As the boss and Larry Kudlow remind us, Maverick’s “third way” battle plan towards a greener planet sounds suspiciously like the Democrats’ own, which may be due to the fact that he’s never had a consistent comprehensive approach to environmentalism — a worrisome sign given that he’d be dealing as president with a deep blue Congress. How likely is it that he’d veto an emissions bill heavy on regulation and light on the sort of free-market solutions he claims to be such a fan of?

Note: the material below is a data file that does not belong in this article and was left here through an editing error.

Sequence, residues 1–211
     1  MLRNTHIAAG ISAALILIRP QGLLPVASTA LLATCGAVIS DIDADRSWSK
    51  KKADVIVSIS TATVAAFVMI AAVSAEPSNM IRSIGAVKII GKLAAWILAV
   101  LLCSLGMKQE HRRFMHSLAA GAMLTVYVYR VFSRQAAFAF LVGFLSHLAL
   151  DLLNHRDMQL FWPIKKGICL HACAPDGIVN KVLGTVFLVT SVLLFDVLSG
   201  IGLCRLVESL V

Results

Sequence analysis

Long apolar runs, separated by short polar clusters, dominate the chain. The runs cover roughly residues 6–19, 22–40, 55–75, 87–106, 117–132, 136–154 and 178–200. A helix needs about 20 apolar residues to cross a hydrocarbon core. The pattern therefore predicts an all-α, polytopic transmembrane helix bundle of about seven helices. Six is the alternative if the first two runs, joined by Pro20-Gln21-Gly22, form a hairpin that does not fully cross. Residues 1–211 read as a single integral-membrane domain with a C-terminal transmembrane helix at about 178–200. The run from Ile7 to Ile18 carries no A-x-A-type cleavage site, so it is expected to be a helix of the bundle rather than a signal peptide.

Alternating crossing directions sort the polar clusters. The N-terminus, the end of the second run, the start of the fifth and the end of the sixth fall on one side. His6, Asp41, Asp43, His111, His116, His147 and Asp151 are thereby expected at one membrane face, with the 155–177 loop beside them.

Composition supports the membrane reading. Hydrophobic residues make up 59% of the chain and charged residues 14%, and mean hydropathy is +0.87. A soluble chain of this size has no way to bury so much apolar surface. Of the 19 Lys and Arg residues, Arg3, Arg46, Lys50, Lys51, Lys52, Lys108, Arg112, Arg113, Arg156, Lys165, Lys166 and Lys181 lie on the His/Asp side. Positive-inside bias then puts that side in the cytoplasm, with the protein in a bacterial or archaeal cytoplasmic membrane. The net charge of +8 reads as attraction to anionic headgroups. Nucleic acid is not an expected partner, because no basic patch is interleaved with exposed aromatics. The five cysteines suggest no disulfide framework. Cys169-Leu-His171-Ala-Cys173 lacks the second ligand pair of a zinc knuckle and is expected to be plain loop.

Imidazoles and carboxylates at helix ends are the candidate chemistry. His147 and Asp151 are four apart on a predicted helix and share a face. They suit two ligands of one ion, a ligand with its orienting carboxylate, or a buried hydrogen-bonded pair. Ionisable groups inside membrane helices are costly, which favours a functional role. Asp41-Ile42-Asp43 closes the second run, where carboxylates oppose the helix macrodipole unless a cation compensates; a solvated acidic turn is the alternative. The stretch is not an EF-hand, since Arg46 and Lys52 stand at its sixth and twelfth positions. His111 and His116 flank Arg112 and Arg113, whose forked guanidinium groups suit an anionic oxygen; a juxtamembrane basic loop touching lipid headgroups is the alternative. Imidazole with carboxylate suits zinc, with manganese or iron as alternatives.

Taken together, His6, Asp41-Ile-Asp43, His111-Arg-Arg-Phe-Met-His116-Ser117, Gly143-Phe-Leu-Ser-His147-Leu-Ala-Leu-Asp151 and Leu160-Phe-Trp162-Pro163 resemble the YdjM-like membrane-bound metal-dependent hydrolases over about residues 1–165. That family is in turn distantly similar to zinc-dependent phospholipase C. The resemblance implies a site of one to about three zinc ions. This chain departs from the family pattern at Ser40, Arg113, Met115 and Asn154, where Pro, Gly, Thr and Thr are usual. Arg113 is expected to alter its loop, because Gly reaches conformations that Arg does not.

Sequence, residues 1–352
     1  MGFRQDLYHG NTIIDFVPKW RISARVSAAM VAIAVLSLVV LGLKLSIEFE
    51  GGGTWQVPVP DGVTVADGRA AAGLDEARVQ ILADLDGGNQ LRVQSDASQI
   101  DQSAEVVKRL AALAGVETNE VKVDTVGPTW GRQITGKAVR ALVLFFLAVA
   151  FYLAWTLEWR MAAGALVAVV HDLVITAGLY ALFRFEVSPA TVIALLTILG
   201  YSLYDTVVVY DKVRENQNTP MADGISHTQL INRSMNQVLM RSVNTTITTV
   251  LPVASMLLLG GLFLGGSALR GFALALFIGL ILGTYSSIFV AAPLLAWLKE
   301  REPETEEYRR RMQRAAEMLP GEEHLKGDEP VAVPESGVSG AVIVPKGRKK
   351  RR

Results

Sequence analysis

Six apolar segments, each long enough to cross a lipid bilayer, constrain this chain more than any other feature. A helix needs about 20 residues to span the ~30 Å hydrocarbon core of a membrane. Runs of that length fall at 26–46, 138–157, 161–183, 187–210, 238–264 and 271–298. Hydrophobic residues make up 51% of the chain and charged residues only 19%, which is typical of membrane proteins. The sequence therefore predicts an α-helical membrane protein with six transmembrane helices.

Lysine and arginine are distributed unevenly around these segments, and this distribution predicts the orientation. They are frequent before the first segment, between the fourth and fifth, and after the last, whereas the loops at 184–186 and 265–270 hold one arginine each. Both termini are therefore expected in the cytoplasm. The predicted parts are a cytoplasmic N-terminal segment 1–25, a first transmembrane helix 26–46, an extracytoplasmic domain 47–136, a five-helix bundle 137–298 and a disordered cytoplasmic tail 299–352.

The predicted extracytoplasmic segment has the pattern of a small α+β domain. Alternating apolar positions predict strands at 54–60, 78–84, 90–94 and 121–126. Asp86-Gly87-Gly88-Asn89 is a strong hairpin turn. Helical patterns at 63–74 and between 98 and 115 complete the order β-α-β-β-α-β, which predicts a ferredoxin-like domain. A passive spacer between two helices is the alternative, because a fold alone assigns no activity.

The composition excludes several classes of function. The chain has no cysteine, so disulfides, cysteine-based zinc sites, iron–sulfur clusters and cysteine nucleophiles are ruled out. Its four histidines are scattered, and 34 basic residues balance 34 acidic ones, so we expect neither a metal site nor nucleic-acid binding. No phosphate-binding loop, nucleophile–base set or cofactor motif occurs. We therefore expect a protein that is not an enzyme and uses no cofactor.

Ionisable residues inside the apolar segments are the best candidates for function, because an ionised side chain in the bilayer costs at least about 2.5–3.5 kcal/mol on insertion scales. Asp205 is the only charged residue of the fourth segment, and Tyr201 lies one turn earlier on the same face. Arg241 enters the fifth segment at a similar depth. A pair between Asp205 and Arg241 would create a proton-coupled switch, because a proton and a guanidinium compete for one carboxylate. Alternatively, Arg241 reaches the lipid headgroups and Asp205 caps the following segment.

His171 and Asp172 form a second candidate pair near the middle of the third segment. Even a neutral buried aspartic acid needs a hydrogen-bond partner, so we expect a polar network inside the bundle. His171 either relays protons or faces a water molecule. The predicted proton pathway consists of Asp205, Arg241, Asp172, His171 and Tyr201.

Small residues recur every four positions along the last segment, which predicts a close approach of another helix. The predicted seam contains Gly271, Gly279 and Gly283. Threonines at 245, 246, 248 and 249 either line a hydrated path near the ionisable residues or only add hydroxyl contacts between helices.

A more pressing question, per Karl and DrewM: Why on earth is he campaigning on this issue in the first place? His ad budget’s going to be tighter than Obama’s, needless to say, and this isn’t something voters care enough about vis-a-vis the economy and Iraq to warrant the expense. If anything, it’s going to lose him votes by alienating the base. Karl speculates that it’s his way of posturing as a Teddy Roosevelt for our time, an oddly self-indulgent thing to do given the lack of any obvious benefit to it, but I wonder if it isn’t just a cheap and easy means of distinguishing himself from Bush. Not that Dubya, who’s come to Jesus on climate change in the last few years himself, is much different in practical terms, but he’s considered sufficiently retrograde on this subject in the public imagination that McCain can use it as a point of contrast between them when the Dems’ “four more years” attacks start in earnest. He cares about the polar bears, man. He’s different. And at this point, as Bill Murray said in “Groundhog Day,” anything different is good.